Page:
Orgasmic dysfunction is a condition that occurs when someone has difficulty reaching orgasm. This difficulty occurs even when they’re sexually aroused and there’s sufficient sexual stimulation. When this condition occurs in women, it’s known as female orgasmic dysfunction. Men can also experience orgasmic dysfunction, but this is much less common.
Orgasms are intense feelings of release during sexual stimulation. They can vary in intensity, duration, and frequency. Orgasms can occur with little sexual stimulation, but sometimes much more stimulation is necessary.
Many women have difficulty reaching orgasm with a partner, even after ample sexual stimulation. Studies suggest orgasmic dysfunction affects 11 to 41 percent of women.
Orgasmic dysfunction is also known as anorgasmia or female orgasmic disorder.
It can be difficult to determine the underlying cause of orgasmic dysfunction. Women may have difficulty reaching orgasm due to physical, emotional, or psychological factors. Contributing factors might include:
- older age
- medical conditions, such as diabetes
- a history of gynecological surgeries, such as a hysterectomy
- the use of certain medications, particularly selective serotonin reuptake inhibitors (SSRIs) for depression
- cultural or religious beliefs
- guilt about enjoying sexual activity
- history of sexual abuse
- mental health conditions, such as depression or anxiety
- poor self-esteem
- relationship issues, such as unresolved conflicts or lack of trust
Sometimes, a combination of these factors can make achieving an orgasm difficult. The inability to orgasm can lead to distress, which may make it even harder to achieve orgasm in the future.
The main symptom of orgasmic dysfunction is the inability to achieve sexual climax. Other symptoms include having unsatisfying orgasms and taking longer than normal to reach climax.
Women with orgasmic dysfunction may have difficulty achieving orgasm during sexual intercourse or masturbation.
There are four types of orgasmic dysfunction:
- Primary anorgasmia: A condition in which you’ve never had an orgasm.
- Secondary anorgasmia: Difficulty reaching orgasm, even though you’ve had one before.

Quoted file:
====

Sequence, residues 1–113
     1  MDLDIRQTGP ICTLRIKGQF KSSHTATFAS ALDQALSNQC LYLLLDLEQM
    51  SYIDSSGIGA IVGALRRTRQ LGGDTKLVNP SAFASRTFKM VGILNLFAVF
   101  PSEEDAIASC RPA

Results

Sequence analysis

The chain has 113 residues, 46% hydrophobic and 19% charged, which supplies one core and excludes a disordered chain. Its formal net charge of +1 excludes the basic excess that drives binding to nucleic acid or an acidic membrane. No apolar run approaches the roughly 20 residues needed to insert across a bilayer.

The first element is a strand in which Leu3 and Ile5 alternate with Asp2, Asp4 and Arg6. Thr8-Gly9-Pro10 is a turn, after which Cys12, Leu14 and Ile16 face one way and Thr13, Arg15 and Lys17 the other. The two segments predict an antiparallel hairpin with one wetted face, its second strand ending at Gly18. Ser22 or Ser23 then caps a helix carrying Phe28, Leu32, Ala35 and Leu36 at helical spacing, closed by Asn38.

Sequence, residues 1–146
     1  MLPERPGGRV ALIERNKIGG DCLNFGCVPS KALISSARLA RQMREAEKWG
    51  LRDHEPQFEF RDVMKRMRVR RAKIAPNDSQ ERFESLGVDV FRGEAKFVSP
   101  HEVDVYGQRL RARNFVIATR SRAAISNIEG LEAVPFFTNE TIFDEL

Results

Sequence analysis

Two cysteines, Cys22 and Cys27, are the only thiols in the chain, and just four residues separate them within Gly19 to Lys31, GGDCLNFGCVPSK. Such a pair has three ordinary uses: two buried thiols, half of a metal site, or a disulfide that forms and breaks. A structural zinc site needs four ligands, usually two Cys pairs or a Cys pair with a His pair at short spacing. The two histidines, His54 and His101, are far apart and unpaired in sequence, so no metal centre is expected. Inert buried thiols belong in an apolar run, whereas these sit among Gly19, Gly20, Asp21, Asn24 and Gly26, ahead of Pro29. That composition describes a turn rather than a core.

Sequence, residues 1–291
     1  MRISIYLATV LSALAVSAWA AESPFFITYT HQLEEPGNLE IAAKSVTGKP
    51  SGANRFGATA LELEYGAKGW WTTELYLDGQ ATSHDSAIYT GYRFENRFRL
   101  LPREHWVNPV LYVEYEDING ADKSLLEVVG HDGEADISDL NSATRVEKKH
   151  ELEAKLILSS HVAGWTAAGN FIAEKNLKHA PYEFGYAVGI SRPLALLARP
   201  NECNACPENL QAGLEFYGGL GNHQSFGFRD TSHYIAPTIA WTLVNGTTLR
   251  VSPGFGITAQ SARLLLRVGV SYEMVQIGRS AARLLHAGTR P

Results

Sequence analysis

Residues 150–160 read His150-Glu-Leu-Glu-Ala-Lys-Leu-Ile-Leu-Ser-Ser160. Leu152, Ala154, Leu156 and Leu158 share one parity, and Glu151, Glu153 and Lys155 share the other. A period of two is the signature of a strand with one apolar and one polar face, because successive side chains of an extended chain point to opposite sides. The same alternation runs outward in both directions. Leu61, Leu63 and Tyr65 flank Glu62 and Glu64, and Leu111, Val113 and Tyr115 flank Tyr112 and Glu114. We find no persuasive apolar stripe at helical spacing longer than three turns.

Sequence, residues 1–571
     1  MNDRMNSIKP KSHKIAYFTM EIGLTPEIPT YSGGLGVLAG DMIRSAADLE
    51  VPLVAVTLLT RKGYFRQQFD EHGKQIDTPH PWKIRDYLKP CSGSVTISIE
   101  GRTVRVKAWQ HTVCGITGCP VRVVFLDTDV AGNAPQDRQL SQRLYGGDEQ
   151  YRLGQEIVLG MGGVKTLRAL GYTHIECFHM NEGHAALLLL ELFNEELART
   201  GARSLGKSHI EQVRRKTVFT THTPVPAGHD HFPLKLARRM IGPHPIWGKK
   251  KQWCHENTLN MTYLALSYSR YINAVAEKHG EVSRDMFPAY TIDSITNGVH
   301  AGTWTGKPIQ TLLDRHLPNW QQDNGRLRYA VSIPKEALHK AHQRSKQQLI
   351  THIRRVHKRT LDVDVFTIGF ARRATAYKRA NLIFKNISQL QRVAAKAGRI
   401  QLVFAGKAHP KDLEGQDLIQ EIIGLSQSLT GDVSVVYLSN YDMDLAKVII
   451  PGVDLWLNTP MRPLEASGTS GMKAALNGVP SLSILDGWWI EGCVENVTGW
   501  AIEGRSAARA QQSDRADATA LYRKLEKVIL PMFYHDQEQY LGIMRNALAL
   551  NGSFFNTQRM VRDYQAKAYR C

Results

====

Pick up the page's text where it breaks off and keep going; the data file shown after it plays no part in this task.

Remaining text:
- Situational anorgasmia: The most common type of orgasmic dysfunction. It occurs when you can only orgasm during specific situations, such as during oral sex or masturbation.
- General anorgasmia: An inability to achieve orgasm under any circumstances, even when you’re highly aroused and sexual stimulation is sufficient.
If you think you have orgasmic dysfunction, you should schedule an appointment with your doctor. Your doctor will be able to diagnose your condition and provide a proper treatment plan. Getting help from your doctor is the best way to ensure that you can fully enjoy sexual activity again.
During your appointment, your doctor will ask questions about your sexual history and perform a physical examination. Your responses and exam results can reveal any underlying causes of orgasmic dysfunction and can help identify other factors that may be contributing to your condition.
Your doctor may refer you to a gynecologist for a follow-up exam. A gynecologist can recommend further treatments for orgasmic dysfunction.
Treatment for orgasmic dysfunction depends on the cause of the condition. You may need to:
- treat any underlying medical conditions
- switch antidepressant medications
- have cognitive behavioral therapy (CBT) or sex therapy
- increase clitoral stimulation during masturbation and sexual intercourse
Couples counseling is another popular treatment option. A counselor will help you and your partner work through any disagreements or conflicts you may be having. This can resolve the issues that are occurring both in the relationship and in the bedroom.
In some cases, estrogen hormone therapy may be used. Estrogen can help increase sexual desire or the amount of blood flow to the genitals for heightened sensitivity. Estrogen hormone therapy may involve taking a pill, wearing a patch, or applying a gel to the genitals. Testosterone therapy is another an option. However, the U.S. Food and Drug Administration (FDA) hasn’t approved it for treating orgasmic dysfunction in women.
Some over-the-counter (OTC) products and nutritional supplements may also help women with orgasmic dysfunction. Arousal oils, such as Zestra, warm the clitoris and increase stimulation. These oils may be beneficial to use during sexual intercourse and masturbation.
The inability to orgasm can be frustrating and may have an impact on your relationship. However, you may be able to reach climax with proper treatment. It’s important to know that you’re not alone. Many women deal with orgasmic dysfunction at some point in their lives.
If you have orgasmic dysfunction, you may find therapy to be particularly helpful. Part of individual or couples therapy focuses on how you view sexual intercourse. Meeting with a therapist can help you and your partner learn more about one other’s sexual needs and desires. It will also address any relationship issues or everyday stressors that may be contributing to your inability to orgasm. Resolving these underlying causes can help you reach orgasm in the future.
The American Association of Sexuality Educators, Counselors, and Therapists (AASECT) has a directory of certified therapists and resources for women with orgasmic dysfunction. You can also find helpful information on sexual health and orgasms at Go Ask Alice, a sex education website managed by Columbia University.